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Menstruation Huts: A Period Taboo That Unfortunately, Remains In Use

This post is a part of Periodपाठ, a campaign by Youth Ki Awaaz in collaboration with WSSCC to highlight the need for better menstrual hygiene management in India. Click here to find out more.

“Oh my god! Did she just use the word period?”

“Don’t say it loudly”

“What will people think?”

“Sshhh”

Menstruation huts remain a common practice in Nepal.

I used the word period: a biological phenomenon where people with uterus bleed every month. It is no big deal. However, for some people, the word is still a taboo. People cannot fathom that women bleed every month. They consider her to be impure and cursed. Women on their period are considered nothing less as ‘untouchables.’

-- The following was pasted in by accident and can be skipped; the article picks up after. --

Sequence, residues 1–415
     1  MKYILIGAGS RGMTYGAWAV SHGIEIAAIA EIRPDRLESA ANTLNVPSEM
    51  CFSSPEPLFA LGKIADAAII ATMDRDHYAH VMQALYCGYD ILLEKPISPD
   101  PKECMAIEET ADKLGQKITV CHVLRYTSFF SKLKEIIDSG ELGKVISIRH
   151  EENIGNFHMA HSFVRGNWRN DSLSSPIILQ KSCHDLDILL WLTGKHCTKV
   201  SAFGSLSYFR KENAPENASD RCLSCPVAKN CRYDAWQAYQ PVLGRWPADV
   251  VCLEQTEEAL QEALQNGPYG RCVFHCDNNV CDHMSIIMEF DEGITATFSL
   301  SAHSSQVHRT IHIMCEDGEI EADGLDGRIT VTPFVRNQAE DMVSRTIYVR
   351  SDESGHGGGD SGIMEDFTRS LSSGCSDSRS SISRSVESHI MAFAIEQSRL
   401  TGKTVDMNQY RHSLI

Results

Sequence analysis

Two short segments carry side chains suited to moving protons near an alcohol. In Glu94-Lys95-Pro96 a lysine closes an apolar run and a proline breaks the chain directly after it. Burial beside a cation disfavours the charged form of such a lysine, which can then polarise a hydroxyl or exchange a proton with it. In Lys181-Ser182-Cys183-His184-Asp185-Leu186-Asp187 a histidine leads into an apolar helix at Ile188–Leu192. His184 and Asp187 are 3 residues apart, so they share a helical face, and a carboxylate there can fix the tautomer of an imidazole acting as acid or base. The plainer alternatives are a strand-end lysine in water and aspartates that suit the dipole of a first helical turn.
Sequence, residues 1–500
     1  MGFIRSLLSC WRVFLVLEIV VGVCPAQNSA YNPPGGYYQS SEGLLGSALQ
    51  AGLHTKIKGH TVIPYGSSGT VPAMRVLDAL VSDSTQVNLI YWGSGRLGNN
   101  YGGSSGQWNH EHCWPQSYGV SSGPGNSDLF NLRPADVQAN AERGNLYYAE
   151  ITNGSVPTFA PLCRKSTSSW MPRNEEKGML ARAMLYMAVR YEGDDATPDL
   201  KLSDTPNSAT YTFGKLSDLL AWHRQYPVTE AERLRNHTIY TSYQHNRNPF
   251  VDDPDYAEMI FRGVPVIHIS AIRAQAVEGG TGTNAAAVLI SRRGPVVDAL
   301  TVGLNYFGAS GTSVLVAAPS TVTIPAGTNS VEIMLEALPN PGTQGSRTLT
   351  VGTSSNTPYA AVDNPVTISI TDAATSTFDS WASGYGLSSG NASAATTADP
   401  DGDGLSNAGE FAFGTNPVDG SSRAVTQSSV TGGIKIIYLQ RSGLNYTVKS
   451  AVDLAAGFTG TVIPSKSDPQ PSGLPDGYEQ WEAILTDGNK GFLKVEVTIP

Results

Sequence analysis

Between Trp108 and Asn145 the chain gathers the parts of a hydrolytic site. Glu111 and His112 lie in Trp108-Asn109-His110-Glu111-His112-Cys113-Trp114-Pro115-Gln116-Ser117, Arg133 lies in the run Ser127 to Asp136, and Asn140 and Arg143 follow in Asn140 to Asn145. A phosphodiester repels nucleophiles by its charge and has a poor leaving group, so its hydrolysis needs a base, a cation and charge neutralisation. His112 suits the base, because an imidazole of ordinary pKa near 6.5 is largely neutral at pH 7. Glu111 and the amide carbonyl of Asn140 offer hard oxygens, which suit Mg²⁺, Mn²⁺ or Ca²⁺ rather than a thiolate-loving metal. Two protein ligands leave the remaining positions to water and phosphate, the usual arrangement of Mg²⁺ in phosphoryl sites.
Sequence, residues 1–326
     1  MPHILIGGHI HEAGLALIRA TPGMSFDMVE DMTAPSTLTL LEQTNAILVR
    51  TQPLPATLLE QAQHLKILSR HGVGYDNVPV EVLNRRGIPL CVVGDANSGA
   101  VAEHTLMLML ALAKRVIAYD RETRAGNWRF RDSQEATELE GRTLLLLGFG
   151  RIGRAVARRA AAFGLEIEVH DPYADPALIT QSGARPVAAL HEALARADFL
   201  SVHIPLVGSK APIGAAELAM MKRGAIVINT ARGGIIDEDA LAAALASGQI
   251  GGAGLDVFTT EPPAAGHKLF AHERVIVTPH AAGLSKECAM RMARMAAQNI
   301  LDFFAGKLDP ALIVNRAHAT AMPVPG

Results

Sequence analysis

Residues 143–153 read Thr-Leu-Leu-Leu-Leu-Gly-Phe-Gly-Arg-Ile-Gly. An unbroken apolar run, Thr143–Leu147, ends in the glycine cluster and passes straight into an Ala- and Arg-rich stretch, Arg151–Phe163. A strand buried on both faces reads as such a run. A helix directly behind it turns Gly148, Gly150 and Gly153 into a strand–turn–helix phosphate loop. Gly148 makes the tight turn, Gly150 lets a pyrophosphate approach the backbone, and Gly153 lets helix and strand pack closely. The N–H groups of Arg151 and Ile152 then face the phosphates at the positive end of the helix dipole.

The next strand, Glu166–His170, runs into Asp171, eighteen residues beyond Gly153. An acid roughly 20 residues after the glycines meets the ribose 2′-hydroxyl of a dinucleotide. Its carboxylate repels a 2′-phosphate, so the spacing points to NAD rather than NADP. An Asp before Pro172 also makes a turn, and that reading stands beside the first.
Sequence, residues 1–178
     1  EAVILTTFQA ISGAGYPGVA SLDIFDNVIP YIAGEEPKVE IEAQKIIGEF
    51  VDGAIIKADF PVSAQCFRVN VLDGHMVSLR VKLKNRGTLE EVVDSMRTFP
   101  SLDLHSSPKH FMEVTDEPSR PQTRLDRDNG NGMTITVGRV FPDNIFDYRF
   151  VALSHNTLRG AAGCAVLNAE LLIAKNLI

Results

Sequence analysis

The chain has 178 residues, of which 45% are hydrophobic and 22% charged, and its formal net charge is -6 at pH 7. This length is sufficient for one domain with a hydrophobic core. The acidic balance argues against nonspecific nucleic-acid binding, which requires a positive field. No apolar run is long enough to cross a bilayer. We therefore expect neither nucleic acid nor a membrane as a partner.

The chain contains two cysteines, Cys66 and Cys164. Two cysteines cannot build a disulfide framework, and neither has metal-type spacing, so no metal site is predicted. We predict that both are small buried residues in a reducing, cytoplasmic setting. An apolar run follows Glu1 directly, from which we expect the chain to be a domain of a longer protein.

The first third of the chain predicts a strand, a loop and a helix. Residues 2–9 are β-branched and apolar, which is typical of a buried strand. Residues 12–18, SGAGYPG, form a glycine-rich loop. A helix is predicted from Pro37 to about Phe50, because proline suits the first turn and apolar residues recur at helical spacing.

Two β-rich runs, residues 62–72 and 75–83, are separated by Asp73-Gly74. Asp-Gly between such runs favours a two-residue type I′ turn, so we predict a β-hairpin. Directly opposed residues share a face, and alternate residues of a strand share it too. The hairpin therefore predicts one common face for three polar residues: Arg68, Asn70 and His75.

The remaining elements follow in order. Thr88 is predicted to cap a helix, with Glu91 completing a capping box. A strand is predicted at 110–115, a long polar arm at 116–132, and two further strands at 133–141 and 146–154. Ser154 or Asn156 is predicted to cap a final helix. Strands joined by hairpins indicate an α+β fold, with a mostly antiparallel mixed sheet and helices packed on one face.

They are not allowed to enter kitchens, temples and sometimes their own houses. They are the same people who fail to understand the pain that comes along with menstruation.

Chaupadis are raised mud platforms covered with hay. In some communities, when women are on their periods, they are forced to stay in these mud houses. They are not allowed to leave the hut until their periods end and are supposed to stay isolated throughout!

Menstruation huts seem like an extreme step, but they’re simply the tip of the iceberg that affects women’s education, empowerment, literacy, health, and working life in many different societies worldwide.

This is still practised in most of the remote parts of India, Uganda and places as diverse as Bali and Nigeria. This perfectly natural phenomenon is demonised, thus creating real damage to women around the world.

They are forced to use hay or leaves as sanitary napkins. Using unclean products instead of hygienic alternatives leads to fungal infections, ovarian cancer, urinary infections and can even make you vulnerable to infertility.